Benjamin Shen, physics and astronomy

Benjamin Shen, physics and astronomy

Benjamin Shih-Ping Shen, Reese W. Flower Professor Emeritus in the Department of Physics and Astronomy at the School of Arts and Sciences and Penn’s acting provost from 1980 to 1981, died at his home on April 10. He was 90 years old.

Dr. Shen was born in 1931 in Hangzhou, China. He graduated from a French high school in Shanghai and briefly studied engineering at National Taiwan University. In 1954, he earned a degree in mathematics from Assumption College (now University) in Worcester, Massachusetts, where most of his classes were taught in French. After obtaining a master’s degree in physics from Clark University, he obtained a national DSc in physics from the University of Paris in 1964 under Pierre Auger, discoverer of the Auger electron. Dr. Shen joined the Penn faculty in 1966 as an associate professor of astronomy, becoming a full professor in 1968, and the Reese W. Flower Professor of Astronomy and Astrophysics in 1972. He served as chairman of the astronomy department and of astrophysics from 1973 to 1979. While chair of the department, the name of the department was changed from astronomy to astronomy and astrophysics, reflecting a broadening of research interests in the department. From 1968, Dr. Shen served as director of Penn’s Flower and Cook Observatory. During the 1970s and 1980s, he served on several committees of the Faculty Senate and the University Council.

In 1979, Dr. Shen was appointed Associate Provost by Vartan Gregorian, then Provost. The following year he was appointed acting provost following the resignation of Dr. Gregorian (Almanac October 14, 1980). During his tenure as acting provost, Dr. Shen oversaw a restructuring of Penn’s higher education and convened the Teaching Quality Task Force, which led to the creation of new college awards. teaching in Penn Schools. In 1981, Dr. Shen resigned as acting provost, but continued to lead the task force he had started. During the 1980s he continued to serve on Penn’s governance bodies, and in 1993 he served on President Sheldon Hackney’s Commission on Strengthening the University Community. Dr. Shen retired from Penn in 1996. Upon retirement, he served as the second president of the Penn Association of Senior and Emeritus Faculty (PASEF).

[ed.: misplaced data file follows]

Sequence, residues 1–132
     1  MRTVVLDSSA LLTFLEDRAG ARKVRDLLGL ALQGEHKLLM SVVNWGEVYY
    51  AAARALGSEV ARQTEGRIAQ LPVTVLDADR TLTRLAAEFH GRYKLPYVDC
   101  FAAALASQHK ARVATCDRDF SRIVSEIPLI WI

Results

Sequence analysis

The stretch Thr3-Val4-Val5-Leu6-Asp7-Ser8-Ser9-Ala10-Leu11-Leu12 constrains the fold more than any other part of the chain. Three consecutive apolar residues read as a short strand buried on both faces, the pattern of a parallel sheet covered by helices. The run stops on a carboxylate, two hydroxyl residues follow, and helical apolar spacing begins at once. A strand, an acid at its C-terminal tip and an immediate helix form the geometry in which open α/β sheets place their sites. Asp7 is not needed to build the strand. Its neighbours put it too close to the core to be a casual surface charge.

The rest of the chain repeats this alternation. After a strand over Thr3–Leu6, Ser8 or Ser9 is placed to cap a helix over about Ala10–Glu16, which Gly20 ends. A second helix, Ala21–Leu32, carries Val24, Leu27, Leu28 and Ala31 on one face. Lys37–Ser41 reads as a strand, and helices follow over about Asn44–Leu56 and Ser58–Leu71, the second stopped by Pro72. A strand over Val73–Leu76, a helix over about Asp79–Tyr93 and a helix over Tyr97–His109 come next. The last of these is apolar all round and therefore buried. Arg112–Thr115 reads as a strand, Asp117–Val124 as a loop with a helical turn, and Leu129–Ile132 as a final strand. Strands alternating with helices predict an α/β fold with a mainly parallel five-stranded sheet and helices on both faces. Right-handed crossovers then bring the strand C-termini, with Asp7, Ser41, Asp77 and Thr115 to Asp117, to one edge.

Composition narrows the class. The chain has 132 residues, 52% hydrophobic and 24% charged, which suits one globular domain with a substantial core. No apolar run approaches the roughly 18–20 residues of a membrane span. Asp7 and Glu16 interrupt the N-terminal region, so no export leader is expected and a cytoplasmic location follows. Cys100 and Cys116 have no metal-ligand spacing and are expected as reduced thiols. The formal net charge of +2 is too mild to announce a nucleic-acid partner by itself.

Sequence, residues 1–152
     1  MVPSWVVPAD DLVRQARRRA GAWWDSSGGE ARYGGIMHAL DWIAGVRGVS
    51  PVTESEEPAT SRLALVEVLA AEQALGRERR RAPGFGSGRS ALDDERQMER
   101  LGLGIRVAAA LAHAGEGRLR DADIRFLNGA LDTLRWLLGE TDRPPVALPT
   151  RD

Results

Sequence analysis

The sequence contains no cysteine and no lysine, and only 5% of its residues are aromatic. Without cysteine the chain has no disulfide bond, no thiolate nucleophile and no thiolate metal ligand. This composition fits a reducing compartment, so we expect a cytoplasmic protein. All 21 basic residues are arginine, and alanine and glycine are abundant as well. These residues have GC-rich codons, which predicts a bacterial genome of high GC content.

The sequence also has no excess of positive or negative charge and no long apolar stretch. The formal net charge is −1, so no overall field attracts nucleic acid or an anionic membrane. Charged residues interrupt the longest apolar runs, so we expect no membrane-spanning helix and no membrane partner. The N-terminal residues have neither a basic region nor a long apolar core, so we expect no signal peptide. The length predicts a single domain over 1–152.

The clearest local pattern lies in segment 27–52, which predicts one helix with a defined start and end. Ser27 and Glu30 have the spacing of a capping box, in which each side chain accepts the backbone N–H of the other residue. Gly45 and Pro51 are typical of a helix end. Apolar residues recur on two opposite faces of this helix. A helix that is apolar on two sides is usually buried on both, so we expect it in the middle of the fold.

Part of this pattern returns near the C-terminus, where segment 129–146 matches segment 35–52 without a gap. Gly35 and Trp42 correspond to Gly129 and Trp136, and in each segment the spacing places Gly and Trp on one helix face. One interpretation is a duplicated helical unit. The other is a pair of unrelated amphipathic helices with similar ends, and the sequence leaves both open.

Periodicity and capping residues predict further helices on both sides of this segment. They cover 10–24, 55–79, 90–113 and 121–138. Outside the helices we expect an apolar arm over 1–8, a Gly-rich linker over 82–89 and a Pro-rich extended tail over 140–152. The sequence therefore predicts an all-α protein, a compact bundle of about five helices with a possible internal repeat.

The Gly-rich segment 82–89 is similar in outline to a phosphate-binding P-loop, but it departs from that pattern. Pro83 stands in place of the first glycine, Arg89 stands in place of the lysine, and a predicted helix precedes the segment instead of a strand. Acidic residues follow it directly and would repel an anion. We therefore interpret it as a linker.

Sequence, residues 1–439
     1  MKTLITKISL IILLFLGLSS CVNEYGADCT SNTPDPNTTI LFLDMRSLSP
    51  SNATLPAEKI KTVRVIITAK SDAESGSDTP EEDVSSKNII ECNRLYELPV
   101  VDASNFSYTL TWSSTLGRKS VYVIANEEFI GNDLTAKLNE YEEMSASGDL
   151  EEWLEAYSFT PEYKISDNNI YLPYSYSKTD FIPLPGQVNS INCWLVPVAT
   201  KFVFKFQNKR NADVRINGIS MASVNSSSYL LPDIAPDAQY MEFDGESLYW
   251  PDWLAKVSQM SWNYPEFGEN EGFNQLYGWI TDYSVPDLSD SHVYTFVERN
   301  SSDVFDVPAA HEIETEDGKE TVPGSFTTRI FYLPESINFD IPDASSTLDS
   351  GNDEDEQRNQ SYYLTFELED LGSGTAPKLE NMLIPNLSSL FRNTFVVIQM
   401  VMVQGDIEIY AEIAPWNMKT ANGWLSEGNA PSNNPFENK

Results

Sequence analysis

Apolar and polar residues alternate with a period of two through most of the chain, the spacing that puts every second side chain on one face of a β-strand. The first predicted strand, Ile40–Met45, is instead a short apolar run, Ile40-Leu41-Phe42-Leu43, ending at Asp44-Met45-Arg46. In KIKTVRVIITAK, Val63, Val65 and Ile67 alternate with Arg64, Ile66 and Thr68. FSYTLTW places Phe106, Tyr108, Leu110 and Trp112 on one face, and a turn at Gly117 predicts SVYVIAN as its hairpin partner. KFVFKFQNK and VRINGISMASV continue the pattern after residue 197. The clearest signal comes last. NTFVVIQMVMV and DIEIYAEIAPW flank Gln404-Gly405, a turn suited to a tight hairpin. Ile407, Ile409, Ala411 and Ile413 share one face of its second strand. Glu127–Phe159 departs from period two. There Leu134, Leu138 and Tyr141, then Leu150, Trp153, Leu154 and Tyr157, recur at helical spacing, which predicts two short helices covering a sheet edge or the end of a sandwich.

A pioneer in the use of particle accelerators for astrophysical research, Dr. Shen’s scientific work has focused on the cascade of nuclear interactions triggered by cosmic rays, high-energy particles that travel through space at a speed close to that of light. He was the first to show, in 1961, that the rupture, or “spallation”, of interstellar nuclei by cosmic rays could be the long-sought origin of certain rare chemical elements in the universe. His accelerator experiments greatly influenced the science of cosmic ray shielding in the early space age; in 1963, the magazine Astronautica Acta devotes an entire issue to his work. He also contributed to the first research on the explosive nuclei of galaxies and quasars. He has edited and contributed to the writing of two books on nuclear astrophysics: High-energy nuclear reactions in astrophysics (1967) and Spallation nuclear reactions and their applications (1976), and has authored numerous peer-reviewed articles.

In addition to his work at Penn, Dr. Shen has been actively engaged with the wider scientific community. In 1972 he was appointed to head a committee of the New York Academy of Sciences to improve science communication to the general public, and the same year he was made a Fellow of the American Physical Society. As part of this effort, in a 1975 essay, he introduced the concept of “civic science literacy”, the basic scientific knowledge needed by the general public and policy makers in an increasingly technological society.

In 1990, he was appointed to the National Science Council, where he was a strong advocate for basic science funding and where he chaired a task force on science literacy. He was an advisor to the Children’s Television Workshop (now Sesame Workshop) on its science programs, including the award-winning series 3-2-1 Contact. He became an advisor on science and technology to the Senate Budget Committee (1976-1977) and the Congressional Technology Assessment Office (1977-1978). In 1978, he received the Vermeil Medal from the Society for the Encouragement of Progress. In the late 1970s he chaired a national panel of the American Association for the Advancement of Science, and in 1996 he was made a Fellow of the AAAS. In 1993, he was named Knight of the Order of Academic Palms in France.

In his spare time, Dr. Shen practiced Chinese calligraphy and built bicycles for himself and his children with vintage parts he found online.

Dr. Shen is survived by his wife, Lucia Shen; his son William Shen; his daughter, Juliet Shen (Shane Watters); and a granddaughter. A funeral mass was held April 21 at St. Agatha-St. James Catholic Church in Philadelphia, followed by interment at Woodlands Cemetery. Donations in his memory may be made to Philly PAWS.

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